Why Businesses Fail

 

going out of business

Ever see those local businesses pop up in your neighborhood and say to yourself, “They’re never going to make it”?

I do all the time.

It’s not because I’m a negative person.

It’s also not because I’m a retail business expert.

And, it’s not because I have a crystal ball.

It’s because I know my community.

I’ve lived in it for 20 years. And, I know my community likely won’t support the business. Not because it’s a bad business. It’s just not a good fit.

In the past couple of years I’ve “called” these local business failures at a 100% accuracy rate. I don’t say that to brag, but rather to raise a question and make a point. If I can see the writing on the wall even before the doors are opening, why can’t these business owners?

I believe it’s because they’re blinded by passion.

They’re in love with their business idea and while they may have done some cursory market research to better understand the market—and my guess is that sadly, some don’t even take this prudent step before investing all their time and money into their business venture—they don’t do enough to understand their target audience and the neighborhood they’re locating in.

They also likely haven’t spent enough time analyzing the other established, and sometimes big name stores, that are already serving the community. While competition doesn’t always have to be a deciding factor, if you’re opening an independent business that no one’s ever heard of, and there’s already a well-known, respected, and successful business offering the same product or service right down the street, you better dig a little deeper to make sure the community can, and will, support both.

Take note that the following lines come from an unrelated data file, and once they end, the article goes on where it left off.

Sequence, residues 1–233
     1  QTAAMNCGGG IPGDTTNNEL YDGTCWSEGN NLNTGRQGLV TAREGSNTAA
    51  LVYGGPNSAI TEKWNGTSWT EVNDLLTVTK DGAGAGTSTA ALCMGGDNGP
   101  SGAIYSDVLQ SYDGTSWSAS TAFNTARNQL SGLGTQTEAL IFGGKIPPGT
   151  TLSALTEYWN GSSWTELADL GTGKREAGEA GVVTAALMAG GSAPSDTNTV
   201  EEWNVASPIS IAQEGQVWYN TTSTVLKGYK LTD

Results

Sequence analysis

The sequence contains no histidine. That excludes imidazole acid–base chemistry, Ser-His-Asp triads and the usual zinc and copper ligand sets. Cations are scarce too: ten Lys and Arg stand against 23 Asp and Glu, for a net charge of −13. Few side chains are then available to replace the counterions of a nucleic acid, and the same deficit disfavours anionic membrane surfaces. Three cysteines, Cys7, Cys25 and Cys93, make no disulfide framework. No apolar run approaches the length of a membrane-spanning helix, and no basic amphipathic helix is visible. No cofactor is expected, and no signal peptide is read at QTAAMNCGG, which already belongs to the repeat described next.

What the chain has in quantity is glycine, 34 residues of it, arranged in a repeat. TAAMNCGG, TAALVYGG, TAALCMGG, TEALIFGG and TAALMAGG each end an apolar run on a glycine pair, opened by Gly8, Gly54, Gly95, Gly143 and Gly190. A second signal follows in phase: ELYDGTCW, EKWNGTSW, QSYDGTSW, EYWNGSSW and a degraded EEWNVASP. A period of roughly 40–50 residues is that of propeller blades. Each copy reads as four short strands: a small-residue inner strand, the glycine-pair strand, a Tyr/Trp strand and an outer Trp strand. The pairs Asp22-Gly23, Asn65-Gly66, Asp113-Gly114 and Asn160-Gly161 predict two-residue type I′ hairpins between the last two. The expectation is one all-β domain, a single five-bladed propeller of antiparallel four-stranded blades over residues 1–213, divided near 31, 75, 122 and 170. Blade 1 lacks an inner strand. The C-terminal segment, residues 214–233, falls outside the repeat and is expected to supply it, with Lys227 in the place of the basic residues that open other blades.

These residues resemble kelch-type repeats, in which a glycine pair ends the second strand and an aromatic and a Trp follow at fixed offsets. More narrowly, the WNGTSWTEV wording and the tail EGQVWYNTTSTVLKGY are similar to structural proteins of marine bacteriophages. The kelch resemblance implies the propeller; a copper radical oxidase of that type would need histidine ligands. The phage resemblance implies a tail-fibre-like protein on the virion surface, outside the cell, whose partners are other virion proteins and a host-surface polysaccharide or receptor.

You also better have a significant brand difference that your target audience highly values.

You better do some pretty strong marketing to get them in the door the first time so they can experience that brand difference.

And you better have a solid marketing plan in place to keep them coming back.

Opening up shop on the Internet as a coach or consultant isn’t all that different.

While you don’t have to compete with the big box stores, you are operating in a huge marketplace where it can be difficult to be found. And, you’re also likely one of many, many consultants or coaches in your area of specialty.

For these reasons, it’s paramount that you select a targeted niche and differentiate yourself with a strong brand positioning if you want to stand out and attract clients. That, along with a marketing plan designed to generate awareness, attract your ideal clients and convert them into paying clients.

Opening up your own business is not something you do on a whim.

It’s also not something you do based solely on passion.

For a business to succeed, whether it’s a local retail shop or an Internet-based service business, there must be a market need. And not only a need, a want. There must be an audience that wants what you have and for whom it’s a high enough priority that they’ll buy.

If they’re out there, and you can reach them effectively with the right message, at the right time, in the right place, at the right price (the 4Ps of Marketing) you may just have a shot.